Lee was taken by Officer Jesse Wilkins and his partner Officer Wilson to the police station, where she was fingerprinted. There, a police official behind the counter read Ferraro's report on the incident and said "something to the effect that these are some really lame charges." Lee was then taken to a second facility, where she was put in a cell. Officer Wilkins asked her about bail and told her that she would remain in custody until the following morning. Several hours later, Lee was taken to a third facility on a bus with other prisoners. At this facility, she was strip searched, given a medical examination, and then placed in a large room with cots. She remained there until the next morning, when Officer Wilkins, whom she had not met before the previous evening's incident, posted bond for her.
On July 12, 1997, three days after the incident, Lee went to the walk-in center at Memorial Regional Hospital in Pembroke Pines "for bruises and aching wrists." Dr. Jose Suarez, a medical doctor, observed "mild tenderness to palpation" in Lee's wrist area. The pain was slightly greater in the right wrist than the left. Suarez diagnosed " bilateral wrist trauma" and also noticed some median nerve compression in her right wrist. Because of this compression, he reported that Lee might be suffering from carpal tunnel syndrome because of the trauma. Suarez explained in his deposition that the injuries were fully consistent with Lee's account of the encounter with Ferraro. In particular, he opined that tissue injury could compress the nerve in the wrist and thus cause pain and tenderness throughout the arm. This compression could be caused by the hard grabbing of a handcuffed wrist or by being grabbed and pulled out of a vehicle. This condition, he explained, "could be permanent." Suarez ordered splints for Lee's wrists and recommended that she apply ice to the wrist and take over-the-counter pain medication. Suarez referred her to a primary care physician to look into the carpal tunnel issue. Lee's wrist injuries "continued to bother [her] and cause [her] substantial pain for several months."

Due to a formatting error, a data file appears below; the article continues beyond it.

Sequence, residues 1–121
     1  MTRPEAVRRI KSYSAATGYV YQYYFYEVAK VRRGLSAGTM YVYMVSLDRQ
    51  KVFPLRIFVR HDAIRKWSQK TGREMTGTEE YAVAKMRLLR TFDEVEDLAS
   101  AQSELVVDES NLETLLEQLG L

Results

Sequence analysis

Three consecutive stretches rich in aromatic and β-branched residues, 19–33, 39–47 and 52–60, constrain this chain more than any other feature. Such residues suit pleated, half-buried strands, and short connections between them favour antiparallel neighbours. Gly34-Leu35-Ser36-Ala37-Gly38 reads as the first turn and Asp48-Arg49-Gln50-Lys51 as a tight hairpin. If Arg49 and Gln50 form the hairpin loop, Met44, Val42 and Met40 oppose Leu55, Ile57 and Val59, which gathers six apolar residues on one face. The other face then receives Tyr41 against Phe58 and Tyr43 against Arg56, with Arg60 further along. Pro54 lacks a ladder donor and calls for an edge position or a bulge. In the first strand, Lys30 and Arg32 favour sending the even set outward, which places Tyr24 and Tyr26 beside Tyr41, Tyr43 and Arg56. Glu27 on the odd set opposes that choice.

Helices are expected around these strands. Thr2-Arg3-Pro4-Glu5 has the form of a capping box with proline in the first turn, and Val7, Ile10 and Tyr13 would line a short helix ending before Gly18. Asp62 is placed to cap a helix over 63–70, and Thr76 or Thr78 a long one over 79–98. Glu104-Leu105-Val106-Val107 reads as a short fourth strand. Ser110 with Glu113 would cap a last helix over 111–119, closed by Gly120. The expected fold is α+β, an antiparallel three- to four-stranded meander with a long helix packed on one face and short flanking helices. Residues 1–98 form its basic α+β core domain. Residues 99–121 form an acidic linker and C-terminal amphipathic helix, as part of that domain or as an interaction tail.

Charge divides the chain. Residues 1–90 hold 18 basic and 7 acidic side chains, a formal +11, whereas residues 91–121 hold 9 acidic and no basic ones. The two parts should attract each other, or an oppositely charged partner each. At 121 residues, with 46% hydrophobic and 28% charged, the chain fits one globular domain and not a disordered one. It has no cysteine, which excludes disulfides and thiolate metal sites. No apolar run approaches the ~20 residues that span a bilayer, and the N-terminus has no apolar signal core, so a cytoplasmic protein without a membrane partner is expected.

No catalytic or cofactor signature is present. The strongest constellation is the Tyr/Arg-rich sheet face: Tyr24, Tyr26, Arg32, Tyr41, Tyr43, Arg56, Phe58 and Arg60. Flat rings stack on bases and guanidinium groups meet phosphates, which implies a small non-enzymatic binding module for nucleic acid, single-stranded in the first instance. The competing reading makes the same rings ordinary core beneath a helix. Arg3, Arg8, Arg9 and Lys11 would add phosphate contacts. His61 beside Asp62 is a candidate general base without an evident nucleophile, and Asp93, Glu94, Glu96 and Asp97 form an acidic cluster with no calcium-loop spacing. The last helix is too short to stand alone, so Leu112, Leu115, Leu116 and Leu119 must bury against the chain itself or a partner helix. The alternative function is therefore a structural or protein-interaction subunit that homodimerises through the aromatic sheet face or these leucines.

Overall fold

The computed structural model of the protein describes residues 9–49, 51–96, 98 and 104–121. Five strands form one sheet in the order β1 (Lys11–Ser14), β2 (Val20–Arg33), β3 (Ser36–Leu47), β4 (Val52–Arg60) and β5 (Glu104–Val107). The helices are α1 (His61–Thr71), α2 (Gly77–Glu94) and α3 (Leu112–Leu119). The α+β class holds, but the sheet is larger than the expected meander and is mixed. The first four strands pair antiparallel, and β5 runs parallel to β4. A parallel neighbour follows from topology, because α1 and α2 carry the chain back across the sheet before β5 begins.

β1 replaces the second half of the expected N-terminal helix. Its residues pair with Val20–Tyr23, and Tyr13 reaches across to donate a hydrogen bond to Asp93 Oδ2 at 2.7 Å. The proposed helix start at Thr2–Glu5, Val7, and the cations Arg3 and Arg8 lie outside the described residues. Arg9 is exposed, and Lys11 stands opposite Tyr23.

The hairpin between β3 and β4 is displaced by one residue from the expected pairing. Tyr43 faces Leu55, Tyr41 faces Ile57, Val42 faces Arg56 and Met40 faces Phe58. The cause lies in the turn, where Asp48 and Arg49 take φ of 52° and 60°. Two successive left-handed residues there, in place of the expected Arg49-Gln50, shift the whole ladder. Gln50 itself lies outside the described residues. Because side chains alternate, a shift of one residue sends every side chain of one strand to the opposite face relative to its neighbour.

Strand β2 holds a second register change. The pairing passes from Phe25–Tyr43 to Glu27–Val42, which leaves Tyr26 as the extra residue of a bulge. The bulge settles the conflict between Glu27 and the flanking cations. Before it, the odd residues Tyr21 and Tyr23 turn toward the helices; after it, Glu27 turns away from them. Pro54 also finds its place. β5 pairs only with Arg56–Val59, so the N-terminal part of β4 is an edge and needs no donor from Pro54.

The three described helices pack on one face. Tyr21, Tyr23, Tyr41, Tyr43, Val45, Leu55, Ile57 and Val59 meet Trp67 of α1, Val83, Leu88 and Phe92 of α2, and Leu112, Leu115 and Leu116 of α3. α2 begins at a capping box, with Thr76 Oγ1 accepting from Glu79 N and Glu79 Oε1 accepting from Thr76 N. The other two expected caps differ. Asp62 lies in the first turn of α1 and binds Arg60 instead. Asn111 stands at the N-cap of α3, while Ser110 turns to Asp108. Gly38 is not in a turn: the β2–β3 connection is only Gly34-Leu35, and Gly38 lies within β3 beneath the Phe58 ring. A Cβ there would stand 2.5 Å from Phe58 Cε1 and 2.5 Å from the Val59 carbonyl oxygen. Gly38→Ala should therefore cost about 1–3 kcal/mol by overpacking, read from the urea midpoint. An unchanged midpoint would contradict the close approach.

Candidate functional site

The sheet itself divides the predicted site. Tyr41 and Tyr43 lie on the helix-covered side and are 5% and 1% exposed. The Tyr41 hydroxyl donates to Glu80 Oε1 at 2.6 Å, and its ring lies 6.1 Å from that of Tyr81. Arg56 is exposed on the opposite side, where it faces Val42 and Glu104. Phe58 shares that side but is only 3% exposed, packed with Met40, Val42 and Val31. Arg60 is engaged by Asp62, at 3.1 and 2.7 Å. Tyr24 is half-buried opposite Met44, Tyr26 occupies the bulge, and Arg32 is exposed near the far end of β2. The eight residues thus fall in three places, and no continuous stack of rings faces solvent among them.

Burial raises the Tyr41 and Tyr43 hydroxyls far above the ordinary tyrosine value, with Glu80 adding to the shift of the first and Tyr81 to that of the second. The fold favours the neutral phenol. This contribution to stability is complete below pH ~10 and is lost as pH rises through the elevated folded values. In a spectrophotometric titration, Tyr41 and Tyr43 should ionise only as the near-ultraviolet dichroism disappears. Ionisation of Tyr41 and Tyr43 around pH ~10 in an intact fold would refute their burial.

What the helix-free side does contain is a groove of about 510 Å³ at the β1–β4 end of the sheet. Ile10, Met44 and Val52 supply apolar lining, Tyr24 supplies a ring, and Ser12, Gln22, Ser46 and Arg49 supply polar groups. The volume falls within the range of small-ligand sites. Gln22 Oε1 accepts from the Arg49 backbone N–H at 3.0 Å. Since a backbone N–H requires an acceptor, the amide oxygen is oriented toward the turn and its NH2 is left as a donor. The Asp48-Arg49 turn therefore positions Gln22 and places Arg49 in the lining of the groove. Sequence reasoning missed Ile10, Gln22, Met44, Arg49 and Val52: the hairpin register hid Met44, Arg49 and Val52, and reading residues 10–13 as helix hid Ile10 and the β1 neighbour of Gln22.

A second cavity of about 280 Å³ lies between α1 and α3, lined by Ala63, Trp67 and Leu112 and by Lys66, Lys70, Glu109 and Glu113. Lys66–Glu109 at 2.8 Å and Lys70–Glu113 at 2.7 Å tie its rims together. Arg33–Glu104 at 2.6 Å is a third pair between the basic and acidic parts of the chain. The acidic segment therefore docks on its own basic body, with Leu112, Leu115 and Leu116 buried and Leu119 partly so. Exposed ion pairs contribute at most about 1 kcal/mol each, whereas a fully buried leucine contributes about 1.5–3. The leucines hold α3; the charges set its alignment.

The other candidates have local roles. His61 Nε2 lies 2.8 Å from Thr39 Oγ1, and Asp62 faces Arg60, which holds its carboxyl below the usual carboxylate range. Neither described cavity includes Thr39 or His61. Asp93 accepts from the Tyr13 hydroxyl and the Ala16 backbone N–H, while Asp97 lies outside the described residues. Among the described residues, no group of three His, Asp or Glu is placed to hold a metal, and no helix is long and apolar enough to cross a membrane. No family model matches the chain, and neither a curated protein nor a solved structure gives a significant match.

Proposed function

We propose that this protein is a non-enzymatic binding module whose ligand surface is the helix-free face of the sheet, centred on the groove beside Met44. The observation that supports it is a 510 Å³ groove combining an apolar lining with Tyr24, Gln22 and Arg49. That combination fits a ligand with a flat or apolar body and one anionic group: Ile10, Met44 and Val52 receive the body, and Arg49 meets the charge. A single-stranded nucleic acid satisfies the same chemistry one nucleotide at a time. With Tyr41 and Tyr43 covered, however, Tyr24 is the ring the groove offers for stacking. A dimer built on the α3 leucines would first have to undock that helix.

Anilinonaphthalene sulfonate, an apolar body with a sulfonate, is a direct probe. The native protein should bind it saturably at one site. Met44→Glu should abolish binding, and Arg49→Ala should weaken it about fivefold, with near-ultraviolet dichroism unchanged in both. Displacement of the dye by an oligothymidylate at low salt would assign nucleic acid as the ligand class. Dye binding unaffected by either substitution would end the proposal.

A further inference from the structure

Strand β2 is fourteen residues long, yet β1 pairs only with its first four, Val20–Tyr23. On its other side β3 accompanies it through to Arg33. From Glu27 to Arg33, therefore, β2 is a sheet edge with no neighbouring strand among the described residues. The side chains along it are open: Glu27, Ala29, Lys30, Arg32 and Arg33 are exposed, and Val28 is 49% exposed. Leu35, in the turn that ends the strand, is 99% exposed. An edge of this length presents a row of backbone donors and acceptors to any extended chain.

In addition to her physical injuries, Lee said she suffered from psychological effects as a result of the incident: "I was depressed. I just couldn't get it together, short attention span. I was trying to alleviate the fear of every time you see a cop, you get extremely nervous." Even after she moved from Miami to Philadelphia, the fear continued: "You get very nervous that they might pull you over and what they might do to you." As recently as June 1999, Lee still became depressed at times, and the effects of the incident had caused difficulty in her marriage. Dr. Shirley Suarez, a psychologist, testified that when she examined Lee twice in October 1997, Lee was suffering psychological trauma relating to the incident, especially the verbal abuse from Ferraro, the strip search, and the overnight detention in jail. Suarez, who diagnosed Lee as suffering from post-traumatic stress disorder, noted that Lee "feels 'numb' and 'not normal' since the incident and that she is having difficulty concentrating at work." Dr. Anastasio...